One-third of the 119 recommendations to Penn State in the Freeh report have been completed, the university announced today.
Among the steps to meet the recommendations that stemmed from the third-party investigation into Penn State leaders’ response to allegations of sexual abuse against former defensive coach Jerry Sandusky was conducting mandatory reporter training for more than 7,200 employees and volunteers.
The university has been working on implementing the recommendations since January, when the initial ones were made. So far, 40 of the recommendations have been completed.
The university also put together a master list of 3,000 names of people who have reporting responsibility under the Clery Act, which requires universities to disclose information about crime on campuses.
The No. 1 recommendation from the Freeh report — the one to guide the other 118 — was to examine the university’s culture to ensure children are protected, create more accountability among leaders, increase transparency into the university’s management, and integrate athletics with the university community.
Penn State said that progress is on track and said it remains committed to protecting children and promoting accountability, transparency and the integration of athletics by implementing all recommendations set forth in the report.
“The implementation of these recommendations will have the effect of reinforcing and enhancing the many aspects of the university that make up its cultures,” said Penn State spokesman David La Torre.
The university is recommending the police force continue to fall under the supervision of the senior vice president for finance and business, which is the response to the Freeh report’s recommendation of reviewing that relationship. That position was previously held by Gary Schultz, who was among the former senior leaders faulted in the report for allegedly concealing abuse allegations against Sandusky. Schultz was indicted on a perjury charge and is accused of lying to the grand jury investigating Sandusky.
The athletic department’s hierarchy has been restructured, too, as a result of the recommendation to streamline who reports to whom.
The associate athletic director no longer reports to the head football coach. The top spokesman for athletics will have to report to the university’s top communications person when that position is filled.
The university’s progress is posted in an online document at www.psu.edu/ur/2012/Freeh_Matrix.pdf.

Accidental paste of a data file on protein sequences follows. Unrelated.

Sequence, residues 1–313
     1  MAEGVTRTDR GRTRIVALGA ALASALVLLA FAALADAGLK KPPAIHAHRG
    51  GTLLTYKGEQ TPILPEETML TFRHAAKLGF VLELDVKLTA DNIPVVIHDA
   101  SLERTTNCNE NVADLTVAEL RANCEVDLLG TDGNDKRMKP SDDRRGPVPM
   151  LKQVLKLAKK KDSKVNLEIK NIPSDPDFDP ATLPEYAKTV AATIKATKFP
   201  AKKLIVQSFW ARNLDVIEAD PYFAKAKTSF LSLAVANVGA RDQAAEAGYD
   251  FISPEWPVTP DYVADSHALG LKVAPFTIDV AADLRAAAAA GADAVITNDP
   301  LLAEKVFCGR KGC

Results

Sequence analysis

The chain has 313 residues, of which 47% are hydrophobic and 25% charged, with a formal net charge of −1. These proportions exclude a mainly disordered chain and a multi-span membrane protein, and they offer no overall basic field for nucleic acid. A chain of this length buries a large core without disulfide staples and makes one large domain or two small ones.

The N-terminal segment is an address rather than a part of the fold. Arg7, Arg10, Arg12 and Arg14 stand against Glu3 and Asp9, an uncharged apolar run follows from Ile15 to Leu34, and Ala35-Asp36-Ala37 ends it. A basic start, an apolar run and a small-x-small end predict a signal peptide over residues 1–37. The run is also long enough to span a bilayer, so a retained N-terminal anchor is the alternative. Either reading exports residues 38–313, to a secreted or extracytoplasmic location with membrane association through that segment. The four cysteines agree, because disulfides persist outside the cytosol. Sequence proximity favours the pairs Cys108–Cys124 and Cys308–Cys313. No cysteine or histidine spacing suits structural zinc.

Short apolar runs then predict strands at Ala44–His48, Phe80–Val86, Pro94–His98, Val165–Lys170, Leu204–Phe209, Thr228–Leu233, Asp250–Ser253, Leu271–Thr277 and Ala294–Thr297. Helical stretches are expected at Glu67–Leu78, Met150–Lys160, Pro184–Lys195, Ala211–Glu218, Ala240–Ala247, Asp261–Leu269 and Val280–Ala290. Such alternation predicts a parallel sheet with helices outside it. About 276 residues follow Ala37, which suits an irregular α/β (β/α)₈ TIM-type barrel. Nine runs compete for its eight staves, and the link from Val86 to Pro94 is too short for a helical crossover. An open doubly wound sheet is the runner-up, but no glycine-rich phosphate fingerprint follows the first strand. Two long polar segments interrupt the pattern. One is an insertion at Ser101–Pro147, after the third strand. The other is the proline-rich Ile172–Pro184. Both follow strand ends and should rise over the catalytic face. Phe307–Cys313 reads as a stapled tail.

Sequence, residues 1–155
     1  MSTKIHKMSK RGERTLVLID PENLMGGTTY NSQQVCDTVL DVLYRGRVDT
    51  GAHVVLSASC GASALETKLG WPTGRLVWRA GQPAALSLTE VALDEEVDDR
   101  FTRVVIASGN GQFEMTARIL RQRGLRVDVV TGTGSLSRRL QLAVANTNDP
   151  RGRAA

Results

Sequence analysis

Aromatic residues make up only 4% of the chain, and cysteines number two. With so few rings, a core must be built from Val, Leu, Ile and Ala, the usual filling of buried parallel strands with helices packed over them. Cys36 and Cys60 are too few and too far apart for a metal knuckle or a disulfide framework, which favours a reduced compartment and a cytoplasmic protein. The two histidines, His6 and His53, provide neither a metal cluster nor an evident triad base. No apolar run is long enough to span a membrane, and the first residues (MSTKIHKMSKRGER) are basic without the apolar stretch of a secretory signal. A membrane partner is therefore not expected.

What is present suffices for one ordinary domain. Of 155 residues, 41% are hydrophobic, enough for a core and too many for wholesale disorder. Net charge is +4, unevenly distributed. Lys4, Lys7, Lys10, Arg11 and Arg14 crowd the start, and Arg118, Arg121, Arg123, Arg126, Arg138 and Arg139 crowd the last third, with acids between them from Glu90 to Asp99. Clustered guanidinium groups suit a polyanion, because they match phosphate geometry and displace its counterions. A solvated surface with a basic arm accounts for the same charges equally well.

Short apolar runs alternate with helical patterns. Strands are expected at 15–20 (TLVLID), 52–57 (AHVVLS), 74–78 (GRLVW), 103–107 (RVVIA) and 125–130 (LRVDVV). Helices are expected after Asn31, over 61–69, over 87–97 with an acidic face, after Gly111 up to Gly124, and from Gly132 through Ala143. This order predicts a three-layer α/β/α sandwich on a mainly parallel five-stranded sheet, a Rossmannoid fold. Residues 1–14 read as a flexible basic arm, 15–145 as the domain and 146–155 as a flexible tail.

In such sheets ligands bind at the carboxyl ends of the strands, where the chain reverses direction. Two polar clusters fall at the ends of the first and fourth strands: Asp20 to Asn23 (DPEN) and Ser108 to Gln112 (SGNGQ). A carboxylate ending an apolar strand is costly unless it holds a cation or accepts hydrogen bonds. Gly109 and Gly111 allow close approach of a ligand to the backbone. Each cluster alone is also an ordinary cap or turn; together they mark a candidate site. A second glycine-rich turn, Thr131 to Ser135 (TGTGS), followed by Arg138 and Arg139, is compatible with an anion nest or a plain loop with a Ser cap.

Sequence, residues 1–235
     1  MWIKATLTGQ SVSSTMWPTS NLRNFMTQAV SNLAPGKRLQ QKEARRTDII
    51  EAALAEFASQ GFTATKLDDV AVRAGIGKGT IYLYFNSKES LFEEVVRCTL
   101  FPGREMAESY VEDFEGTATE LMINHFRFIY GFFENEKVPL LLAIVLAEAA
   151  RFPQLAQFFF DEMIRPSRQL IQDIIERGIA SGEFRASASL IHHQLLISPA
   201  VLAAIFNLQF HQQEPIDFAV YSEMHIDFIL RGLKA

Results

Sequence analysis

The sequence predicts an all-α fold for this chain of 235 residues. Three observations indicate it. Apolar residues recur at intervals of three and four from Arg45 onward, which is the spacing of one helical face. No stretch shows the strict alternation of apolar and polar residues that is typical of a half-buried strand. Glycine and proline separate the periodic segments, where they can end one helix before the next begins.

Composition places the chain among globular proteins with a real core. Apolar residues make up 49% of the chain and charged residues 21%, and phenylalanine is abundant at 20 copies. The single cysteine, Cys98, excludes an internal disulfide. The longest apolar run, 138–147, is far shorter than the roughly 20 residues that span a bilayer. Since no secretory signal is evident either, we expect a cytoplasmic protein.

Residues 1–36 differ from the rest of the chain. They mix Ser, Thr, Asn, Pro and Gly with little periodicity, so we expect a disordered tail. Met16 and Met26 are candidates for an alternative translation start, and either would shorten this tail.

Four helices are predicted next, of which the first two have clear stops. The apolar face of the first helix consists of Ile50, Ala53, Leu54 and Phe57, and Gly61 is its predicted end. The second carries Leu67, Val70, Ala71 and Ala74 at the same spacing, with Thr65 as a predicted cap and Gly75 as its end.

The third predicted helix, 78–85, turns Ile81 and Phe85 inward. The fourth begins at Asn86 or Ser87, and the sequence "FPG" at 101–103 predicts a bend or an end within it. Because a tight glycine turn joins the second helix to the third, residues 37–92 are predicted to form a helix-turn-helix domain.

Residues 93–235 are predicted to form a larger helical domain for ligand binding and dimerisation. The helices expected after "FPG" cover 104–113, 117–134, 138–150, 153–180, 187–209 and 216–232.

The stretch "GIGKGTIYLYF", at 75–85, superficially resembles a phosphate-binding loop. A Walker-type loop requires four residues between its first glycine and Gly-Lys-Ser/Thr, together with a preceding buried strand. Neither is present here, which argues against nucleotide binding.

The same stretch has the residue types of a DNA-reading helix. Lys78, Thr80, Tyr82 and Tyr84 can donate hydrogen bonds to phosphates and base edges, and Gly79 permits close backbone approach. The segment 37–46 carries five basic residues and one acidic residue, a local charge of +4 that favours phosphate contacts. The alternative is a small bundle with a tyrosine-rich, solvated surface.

“There has been great collaboration and cooperation across all of our departments and organizations in addressing these recommendations,” Penn State President Rodney Erickson said in a statement. “I’m very proud of our faculty, staff and students and look forward to continued progress. I am fully confident that Penn State will emerge stronger and serve as a model of compliance for universities across the nation.”
The recommendations deal with athletics, university police, university governance, human resources matters, and more.
University administrators have been assigned to review, analyze and possibly implement the recommendations. Committees within the board of trustees will monitor the progress.
Here’s a look at the status of some of the progress on the recommendations:
An internal database was set up to manage employee reports of misconduct. This was from a recommendation to establish a policy that all police reports alleging criminal conduct by Penn State students, faculty and staff are reported to the Office of Human Resources.
The chairwoman and vice chairman of the board of trustees and a governance committee are working to review the university president’s responsibilities. That’s in progress.
The university put into place a new policy that requires background checks of all new hires. That went into effect in July.
The Commission on the Accreditation on Law Enforcement is conducting a review of the university’s police department, which is pursuing full accreditation.
University police officers will be trained in December about child sex abuse. A detective attended a training session as part of the recommendation about providing training to investigators.
The university plans to review computer use policies. The Freeh report recommended updating its policies.
While board leaders have spoken about implementing all or most of the recommended changes, it appears that trustees may opt to skip at least a few or study them further.
The board’s outreach committee members, for example, seemed to agree at a recent meeting that they do not support the idea of giving each trustee a university email address and making it public.
The Freeh report also recommends that the university conduct national searches for high-level positions in athletics. The current athletics director, Dave Joyner, was a member of the board of trustees when he was appointed to the job, taking over after the previous director was placed on adminiistrative leave because he is facing charges related to the Sandusky case.
While the Freeh report recommends practicing openness and transparency, and university leaders have said that is the new standard for doing business, they have not spoken in support of the university being covered by the state’s Right to Know Law as public schools are. Instead, they’ve expressed concern about having to make public certain research and donor information.
The Freeh report concluded that senior university officials -- former president Graham Spanier, former head football coach Joe Paterno and former administrators Schultz and Tim Curley -- concealed abuse allegations against Sandusky.
The report was the basis for the NCAA’s harsh sanctions that include a four-year postseason bowl ban for the Nittany Lions football team, a reduction in scholarships and vacating 112 wins from 1998 to 2011.
Attorneys for the former university officials have condemned the report.